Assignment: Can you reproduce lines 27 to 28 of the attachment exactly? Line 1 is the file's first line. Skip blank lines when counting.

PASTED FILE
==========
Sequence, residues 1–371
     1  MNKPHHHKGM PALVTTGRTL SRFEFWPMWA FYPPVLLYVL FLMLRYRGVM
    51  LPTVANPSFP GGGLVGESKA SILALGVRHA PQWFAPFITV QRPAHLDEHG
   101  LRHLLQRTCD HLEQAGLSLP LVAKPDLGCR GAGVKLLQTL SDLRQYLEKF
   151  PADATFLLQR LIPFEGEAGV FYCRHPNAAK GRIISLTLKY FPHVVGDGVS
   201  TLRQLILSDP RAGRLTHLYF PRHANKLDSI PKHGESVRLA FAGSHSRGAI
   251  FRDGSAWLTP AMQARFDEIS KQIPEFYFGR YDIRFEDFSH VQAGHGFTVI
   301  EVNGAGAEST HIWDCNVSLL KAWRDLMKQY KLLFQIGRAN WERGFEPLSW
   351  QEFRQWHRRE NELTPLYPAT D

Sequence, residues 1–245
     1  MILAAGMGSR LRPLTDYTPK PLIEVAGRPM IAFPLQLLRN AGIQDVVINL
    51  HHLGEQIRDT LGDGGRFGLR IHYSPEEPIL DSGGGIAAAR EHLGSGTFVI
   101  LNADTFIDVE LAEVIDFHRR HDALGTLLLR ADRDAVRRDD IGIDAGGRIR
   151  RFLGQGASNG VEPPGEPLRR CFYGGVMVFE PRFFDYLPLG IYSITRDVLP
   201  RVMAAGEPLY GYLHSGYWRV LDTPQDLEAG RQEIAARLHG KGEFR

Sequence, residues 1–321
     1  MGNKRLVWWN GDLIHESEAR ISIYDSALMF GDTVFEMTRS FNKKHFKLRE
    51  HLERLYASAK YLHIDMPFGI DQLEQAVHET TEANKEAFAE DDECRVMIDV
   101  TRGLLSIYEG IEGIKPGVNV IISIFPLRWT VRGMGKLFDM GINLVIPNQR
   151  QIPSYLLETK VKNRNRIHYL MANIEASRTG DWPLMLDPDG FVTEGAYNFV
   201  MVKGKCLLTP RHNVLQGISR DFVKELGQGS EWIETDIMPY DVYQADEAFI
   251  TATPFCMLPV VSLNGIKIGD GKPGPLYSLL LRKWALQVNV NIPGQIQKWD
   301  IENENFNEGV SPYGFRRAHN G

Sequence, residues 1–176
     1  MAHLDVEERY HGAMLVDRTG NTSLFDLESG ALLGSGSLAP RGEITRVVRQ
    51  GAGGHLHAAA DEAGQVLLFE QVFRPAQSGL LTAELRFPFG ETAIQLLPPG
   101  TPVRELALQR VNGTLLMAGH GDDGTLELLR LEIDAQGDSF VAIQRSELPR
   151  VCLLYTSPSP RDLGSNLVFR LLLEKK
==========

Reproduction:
   101  TPVRELALQR VNGTLLMAGH GDDGTLELLR LEIDAQGDSF VAIQRSELPR
   151  VCLLYTSPSP RDLGSNLVFR LLLEKK